By Nick Woodford, Content Manager at Anzu.io
On October 27, Elon Musk finally acquired Twitter after months of back and forth. Since then, he has plowed full steam ahead into his plans to transition the social media platform into the ultimate digital town hall.
A social media exodus for brands?
The stir has caused many brands like GM, which spends $1.7 million a month on Twitter, to pause their ads due to worries about anti-Semitic posts or violent language, which many fear will plague the platform — Kanye West recently had his account reinstated after being banned from Twitter for anti-Semitic posts.
This is coupled with uncertainty around Musk’s vision to pivot Twitter from an ad-funded service (last year, Twitter attributed 89% of its $5BN in revenue to advertising) to a subscription model where users pay for blue ticks along with other premium features. So far this has proved extremely troublesome with many ‘authenticated’ accounts impersonating individuals and brands. As a result, a swathe of big brands who have paused their ads are now looking to shift budgets away altogether.
Further to this, Twitter’s Chief Customer Officer, Sarah Personette, who headed up the platform’s advertising business and brand partnerships, resigned alongside the mass layoffs. In response to the adverse reaction from brands, Musk tweeted that he would launch “a thermonuclear name and shame” campaign against any advertisers who pull out of Twitter.
It’s not just Twitter, though, that is suffering. Social media as a whole has seen somewhat of a shift recently. Meta’s stock plummeted by 20% last month after the company reported worse-than-expected earnings, and Snapchat’s share price fell about 30% at the end of October, down more than 80% this year. Although TikTok continues to dominate the social media race, many are continuing to realize the impact that the app’s addictive nature can have, especially amongst Gen Z.
Is gaming the answer advertisers are looking for?
For many, gaming has become the new social media. Consumers spend over one trillion hours playing games and an additional 25 billion hours watching gaming streams globally every year — that’s more than time spent on social media and watching TV combined (GWI, 2021).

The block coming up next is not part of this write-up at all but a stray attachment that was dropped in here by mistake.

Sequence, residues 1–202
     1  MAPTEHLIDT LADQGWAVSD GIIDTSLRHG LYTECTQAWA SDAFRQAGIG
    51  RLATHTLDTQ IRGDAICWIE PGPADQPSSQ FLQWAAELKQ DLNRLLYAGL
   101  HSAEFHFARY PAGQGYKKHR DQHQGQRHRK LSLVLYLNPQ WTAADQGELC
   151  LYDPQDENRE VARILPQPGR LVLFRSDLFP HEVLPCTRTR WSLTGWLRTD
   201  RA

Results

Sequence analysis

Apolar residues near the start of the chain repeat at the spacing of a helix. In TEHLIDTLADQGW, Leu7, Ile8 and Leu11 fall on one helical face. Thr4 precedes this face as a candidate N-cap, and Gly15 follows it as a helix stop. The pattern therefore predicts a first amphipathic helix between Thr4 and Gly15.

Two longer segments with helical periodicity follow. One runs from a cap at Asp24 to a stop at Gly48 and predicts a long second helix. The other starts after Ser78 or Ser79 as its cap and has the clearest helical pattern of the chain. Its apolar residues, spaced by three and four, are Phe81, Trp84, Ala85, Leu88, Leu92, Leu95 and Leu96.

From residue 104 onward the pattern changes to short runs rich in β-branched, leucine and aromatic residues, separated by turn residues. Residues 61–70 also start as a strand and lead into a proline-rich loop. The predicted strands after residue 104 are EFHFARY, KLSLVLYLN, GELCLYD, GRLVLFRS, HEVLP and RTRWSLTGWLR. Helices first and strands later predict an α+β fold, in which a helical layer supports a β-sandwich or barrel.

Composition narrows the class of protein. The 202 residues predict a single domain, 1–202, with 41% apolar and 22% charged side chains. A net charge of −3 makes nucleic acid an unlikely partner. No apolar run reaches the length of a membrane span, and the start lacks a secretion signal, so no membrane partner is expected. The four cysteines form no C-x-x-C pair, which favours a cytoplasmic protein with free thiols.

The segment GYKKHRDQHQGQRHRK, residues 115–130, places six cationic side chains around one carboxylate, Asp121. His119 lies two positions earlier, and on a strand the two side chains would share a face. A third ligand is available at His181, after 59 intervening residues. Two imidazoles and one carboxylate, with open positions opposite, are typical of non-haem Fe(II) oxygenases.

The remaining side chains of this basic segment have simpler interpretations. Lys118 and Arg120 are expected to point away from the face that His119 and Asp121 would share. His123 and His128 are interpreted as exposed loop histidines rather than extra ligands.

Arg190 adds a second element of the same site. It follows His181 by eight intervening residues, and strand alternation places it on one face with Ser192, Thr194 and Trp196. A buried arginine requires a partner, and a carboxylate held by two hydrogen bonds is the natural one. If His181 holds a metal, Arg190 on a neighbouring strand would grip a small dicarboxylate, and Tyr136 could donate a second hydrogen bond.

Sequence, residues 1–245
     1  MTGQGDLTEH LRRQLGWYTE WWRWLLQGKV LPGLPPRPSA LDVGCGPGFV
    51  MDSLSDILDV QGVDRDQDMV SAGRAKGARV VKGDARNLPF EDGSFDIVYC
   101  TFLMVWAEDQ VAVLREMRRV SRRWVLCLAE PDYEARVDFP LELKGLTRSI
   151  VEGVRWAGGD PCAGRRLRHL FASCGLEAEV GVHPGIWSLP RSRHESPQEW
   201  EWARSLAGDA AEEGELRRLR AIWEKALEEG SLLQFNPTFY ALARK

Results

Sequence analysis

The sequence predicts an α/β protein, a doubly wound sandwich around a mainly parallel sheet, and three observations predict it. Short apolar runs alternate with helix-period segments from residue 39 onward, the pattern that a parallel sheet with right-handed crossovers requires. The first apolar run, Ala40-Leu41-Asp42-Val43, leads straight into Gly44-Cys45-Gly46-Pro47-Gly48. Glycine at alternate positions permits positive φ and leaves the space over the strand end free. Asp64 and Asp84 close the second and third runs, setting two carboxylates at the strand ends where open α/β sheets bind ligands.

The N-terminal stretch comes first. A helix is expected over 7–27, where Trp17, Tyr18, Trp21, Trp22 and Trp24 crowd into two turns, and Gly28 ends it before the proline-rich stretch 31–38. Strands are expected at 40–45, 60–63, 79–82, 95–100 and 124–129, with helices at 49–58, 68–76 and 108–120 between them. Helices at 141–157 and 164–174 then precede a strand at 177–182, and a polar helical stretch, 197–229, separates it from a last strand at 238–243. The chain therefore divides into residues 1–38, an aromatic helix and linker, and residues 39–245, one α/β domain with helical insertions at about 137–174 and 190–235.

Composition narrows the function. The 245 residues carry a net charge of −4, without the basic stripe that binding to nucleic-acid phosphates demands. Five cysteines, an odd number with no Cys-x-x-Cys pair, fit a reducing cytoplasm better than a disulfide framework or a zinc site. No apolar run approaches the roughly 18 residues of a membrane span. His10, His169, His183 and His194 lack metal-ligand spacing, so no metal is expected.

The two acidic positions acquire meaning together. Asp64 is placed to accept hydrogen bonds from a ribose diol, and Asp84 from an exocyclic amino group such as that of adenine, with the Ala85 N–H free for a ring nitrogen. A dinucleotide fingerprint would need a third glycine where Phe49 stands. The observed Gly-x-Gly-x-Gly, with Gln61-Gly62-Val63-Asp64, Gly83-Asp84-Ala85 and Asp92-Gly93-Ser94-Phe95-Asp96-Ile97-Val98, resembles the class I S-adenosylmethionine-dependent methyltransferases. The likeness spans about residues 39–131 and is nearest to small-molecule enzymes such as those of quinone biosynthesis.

Games like Fortnite, Roblox, and Minecraft have their own internal chat systems which are becoming extremely popular communication methods, especially among younger generations. These chat systems have been designed with kids in mind, ensuring they are kid safe and moderated far more stringently than many social media sites. Some of these platforms also have experiences created solely to hang out and socialize with friends, something that Meta is quickly trying to capitalize on with its VR game Horizon Worlds.
With over 3.2B gamers, gaming also stretches to every corner of the world, boasting a diverse and rich audience who are fully engaged thanks to no second screening and the immersive element of games. Two of the world’s most popular games, PUBG and Fortnite, collectively have over 630M players. That’s 233M more players than Twitter has users. Roblox, the third most popular game, also boasts 202M regular players, many of which are younger users who are increasingly difficult for advertisers to reach.
Another reason that gaming — and in-game advertising, in particular — attracts more advertisers is its continued commitment to brand safety. Unlike other digital channels, fraudsters are yet to penetrate the gaming sphere in force due to the complex nature of the 3D world, and advertisers can choose the game, platform, and audience that fits with their brand. Third-party tech vendors like IAS and Oracle also work with in-game providers to verify third-party traffic, and the IAB and MRC recently released an updated set of advertising standards for in-game, giving brands even more confidence when making their in-game buys.
The future is uncertain for Twitter and many other social media platforms. However, as the internet continues to evolve new and exciting ways to communicate will emerge. One thing that is clear is that more social interactions are happening within the gaming sphere, and these 3D worlds have opened the possibility for brands to interact with consumers in new and innovative ways that have previously not been possible in 2D environments. Gaming has also been able to learn from many of the mistakes that social media made in the past, and this has helped futureproof the channel with many looking to it as the foundation of the impending metaverse.
No one can tell what the future will bring. Still, as we draw closer to 2023, it will be interesting to see how social interactions within the digital sphere evolve, whether social media is able to survive and thrive, or whether gaming will continue to grow and provide us with new ways to communicate with each other and with our favorite brands.